Helena Almeida and the Uses of Drawing
The little trunk-like legs, from which feet spring, tend to saunter from one side of the paper to the other, where there is a touch of blue in one corner. It is an area on the paper where you have to fix your gaze to see the slightest thing, like a line where the pencilwasnotliftedfromthepaper, tracing an arc reminiscent of thought.
Seated at her drawing board, Helena Almeida looks at the piece of yellow notebook paper; it is that a shade of yellow that leaves us unsure as to whether it is the paper's natural color or the result of ageing. All the drawings are in the same A4 format, a banal detail that is part and parcel of their standardized, commonplace, workaday, simple nature, so akin to thought itself, so close in fact that they are often undistinguishable from the memory of having drawn them, like feeling ashamed for having to uncover one's intimacy, like opening the doors of the studio and leaving a yawning breach in the portals of one's thoughts.
What a trial it was to get to see those drawings!
It took insisting; it required constant requesting. The artist's excuses were murky; the drawings are nothing to speak of. Well, almost nothing.
Sheet after sheet the drill went on; it was familiar to those who are well acquainted with the work of Helena Almeida: "This drawing is exactly like the photograph," she states. The other one "doesn't resemble anything." Yet another one "is almost exactly like another series would turn out in the end".
These drawings are like an atlas of the artist's work, along the same lines as the photographic atlas Gerhard Richter created. As strange as the analogy may seem, both are situated on the same ontological axis of the creative process: Richter takes photographs, collects images that he paints (or sometimes he paints). Helena Almeida draws and sometimes other works spring from the drawings, usually photographic images, sometimes videos. One could say that all of Richter's work results from an attempt to hold a dialogue with photography, based on his effort to find a meaning for painting. In the same vein, one can assert that all of Helena Almeida's work proceeds in the same way with regard to drawing. Yet even though Helena Almeida's artistic present and past may be marked by the same suspicious attitude toward painting (in fact her process of mourning for painting started early in her career), her ongoing dialogue with drawing proceeds in a pragmatic-rather than programmatic-way and her drawing forms two distinctive planes of her creative process, while occupying a privileged position in the artistic methodology she uses.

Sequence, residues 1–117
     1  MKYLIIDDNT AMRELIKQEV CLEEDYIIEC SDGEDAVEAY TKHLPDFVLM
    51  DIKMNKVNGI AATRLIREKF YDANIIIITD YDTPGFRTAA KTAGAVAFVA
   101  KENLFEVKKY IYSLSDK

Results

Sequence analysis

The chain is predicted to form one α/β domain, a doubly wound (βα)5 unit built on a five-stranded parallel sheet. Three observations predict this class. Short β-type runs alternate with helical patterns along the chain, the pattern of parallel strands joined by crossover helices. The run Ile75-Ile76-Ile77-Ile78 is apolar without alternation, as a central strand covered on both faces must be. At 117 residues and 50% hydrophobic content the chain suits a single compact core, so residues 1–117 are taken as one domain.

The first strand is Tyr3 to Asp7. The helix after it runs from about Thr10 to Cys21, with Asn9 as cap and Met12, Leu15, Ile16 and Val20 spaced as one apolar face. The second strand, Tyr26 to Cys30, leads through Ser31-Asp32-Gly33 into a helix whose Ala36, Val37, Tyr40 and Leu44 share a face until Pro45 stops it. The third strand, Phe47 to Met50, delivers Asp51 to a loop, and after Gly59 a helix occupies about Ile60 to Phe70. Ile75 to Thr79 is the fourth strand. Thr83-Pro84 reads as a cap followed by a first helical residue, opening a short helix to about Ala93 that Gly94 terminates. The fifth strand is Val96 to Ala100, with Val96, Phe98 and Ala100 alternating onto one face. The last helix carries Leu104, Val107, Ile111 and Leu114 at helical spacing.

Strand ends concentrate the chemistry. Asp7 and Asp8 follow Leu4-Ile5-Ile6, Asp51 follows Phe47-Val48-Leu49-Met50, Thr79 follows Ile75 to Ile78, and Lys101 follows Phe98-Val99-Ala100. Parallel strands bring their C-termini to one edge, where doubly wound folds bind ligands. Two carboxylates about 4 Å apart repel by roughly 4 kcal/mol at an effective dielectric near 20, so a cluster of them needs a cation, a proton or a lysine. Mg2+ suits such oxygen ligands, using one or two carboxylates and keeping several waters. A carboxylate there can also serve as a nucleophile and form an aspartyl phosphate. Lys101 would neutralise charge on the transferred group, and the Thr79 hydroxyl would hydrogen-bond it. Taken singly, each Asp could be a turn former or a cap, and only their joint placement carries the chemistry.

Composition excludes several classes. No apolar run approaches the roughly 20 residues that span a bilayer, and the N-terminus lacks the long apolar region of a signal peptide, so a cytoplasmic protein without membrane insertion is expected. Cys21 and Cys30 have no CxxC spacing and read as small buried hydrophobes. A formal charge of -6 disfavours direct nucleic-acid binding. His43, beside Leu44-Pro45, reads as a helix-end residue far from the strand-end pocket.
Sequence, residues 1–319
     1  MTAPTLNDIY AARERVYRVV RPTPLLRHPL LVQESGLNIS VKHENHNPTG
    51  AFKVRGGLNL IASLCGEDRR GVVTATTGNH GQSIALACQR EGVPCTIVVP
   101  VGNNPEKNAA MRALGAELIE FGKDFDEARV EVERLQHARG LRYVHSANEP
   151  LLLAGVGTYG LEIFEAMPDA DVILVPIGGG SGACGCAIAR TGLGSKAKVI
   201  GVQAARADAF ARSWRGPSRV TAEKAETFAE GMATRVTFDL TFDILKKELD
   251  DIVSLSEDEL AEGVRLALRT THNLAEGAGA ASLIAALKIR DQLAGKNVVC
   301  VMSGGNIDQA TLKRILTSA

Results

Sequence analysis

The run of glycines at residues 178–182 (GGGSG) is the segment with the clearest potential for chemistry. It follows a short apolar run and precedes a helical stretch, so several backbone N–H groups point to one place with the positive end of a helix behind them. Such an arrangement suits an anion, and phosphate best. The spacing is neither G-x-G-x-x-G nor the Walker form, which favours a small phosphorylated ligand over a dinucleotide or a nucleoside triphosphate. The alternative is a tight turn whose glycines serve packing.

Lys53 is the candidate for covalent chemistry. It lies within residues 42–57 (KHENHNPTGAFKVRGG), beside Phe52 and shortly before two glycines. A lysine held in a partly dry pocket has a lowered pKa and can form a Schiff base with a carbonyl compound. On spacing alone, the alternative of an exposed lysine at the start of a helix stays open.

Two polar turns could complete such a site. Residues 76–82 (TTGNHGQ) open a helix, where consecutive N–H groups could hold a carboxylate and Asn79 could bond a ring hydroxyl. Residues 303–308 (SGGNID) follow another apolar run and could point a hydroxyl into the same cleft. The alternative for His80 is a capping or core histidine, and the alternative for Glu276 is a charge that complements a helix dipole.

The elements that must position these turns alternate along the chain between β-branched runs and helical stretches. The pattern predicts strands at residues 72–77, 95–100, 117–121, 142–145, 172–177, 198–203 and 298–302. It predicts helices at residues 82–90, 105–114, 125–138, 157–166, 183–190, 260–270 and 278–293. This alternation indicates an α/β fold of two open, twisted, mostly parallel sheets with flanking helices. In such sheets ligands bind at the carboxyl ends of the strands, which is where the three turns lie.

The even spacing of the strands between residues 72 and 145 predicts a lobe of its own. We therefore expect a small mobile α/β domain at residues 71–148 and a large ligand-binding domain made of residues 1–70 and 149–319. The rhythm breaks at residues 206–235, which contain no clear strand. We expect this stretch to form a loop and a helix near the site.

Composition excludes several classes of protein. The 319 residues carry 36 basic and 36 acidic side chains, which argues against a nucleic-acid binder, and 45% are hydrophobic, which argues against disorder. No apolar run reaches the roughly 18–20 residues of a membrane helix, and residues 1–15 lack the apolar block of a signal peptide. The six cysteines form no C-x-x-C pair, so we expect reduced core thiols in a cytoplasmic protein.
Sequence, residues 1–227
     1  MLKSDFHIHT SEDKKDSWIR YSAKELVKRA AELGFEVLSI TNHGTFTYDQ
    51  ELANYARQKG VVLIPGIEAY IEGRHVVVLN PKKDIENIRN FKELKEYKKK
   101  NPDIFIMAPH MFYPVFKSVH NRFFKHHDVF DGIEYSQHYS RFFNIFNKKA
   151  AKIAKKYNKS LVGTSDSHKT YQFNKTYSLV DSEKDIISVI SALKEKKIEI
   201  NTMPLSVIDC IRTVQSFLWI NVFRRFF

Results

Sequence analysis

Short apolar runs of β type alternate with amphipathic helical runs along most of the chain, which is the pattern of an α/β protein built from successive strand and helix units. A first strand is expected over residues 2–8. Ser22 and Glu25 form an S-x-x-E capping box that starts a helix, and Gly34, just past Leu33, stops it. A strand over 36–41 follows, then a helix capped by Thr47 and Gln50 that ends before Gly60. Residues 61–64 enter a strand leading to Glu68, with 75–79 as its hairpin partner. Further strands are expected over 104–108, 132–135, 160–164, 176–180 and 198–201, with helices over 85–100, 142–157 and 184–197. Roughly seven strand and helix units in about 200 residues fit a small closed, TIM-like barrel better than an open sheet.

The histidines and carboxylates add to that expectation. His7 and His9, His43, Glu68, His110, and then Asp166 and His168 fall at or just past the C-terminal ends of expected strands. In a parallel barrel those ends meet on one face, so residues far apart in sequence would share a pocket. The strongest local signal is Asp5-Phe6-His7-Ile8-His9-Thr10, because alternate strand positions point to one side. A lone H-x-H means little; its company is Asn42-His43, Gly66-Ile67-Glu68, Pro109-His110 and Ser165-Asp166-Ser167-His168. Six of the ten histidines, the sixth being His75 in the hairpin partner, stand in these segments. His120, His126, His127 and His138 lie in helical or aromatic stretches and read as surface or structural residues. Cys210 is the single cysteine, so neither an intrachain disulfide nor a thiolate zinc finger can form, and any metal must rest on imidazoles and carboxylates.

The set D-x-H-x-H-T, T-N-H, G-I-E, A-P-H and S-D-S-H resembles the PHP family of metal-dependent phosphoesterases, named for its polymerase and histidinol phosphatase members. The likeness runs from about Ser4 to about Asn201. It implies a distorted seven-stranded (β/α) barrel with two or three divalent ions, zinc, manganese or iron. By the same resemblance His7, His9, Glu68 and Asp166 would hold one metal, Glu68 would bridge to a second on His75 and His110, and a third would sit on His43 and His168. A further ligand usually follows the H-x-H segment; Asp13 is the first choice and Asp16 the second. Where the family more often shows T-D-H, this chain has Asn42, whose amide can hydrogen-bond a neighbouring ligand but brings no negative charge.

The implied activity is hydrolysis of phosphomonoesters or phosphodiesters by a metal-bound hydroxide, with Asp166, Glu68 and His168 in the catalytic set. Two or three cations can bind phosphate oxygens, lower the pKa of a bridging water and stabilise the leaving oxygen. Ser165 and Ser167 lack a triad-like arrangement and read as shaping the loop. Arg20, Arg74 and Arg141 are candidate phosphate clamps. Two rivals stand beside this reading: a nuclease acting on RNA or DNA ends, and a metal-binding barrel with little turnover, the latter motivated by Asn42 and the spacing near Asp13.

The two different planes on which drawing is placed can be described as follows: drawing is the model for all of her artistic production; at times it incorporates the work itself, other times it acts as an "arrière-pensée", or forethought. Yet drawing is also a practice in itself that proceeds in cycles which, though not constant or regular, define a body of future work. This means that in the studio, Helena Almeida starts off by drawing; her thoughts are on drawing. At the drawing board, on those faceless, historyless A4 sheets, the artist places the first burst of a gesture, of the position or action which she will then test in the area of the studio where first the video recording is done, followed by the photo shoot. Thus, drawing acts as an inner methodology for the artist's creative process.
Thus we are left with two meanings for the word "drawing" in Helena Almeida's work: model and method. Let us now clarify further what we mean by drawing in the sense of "model."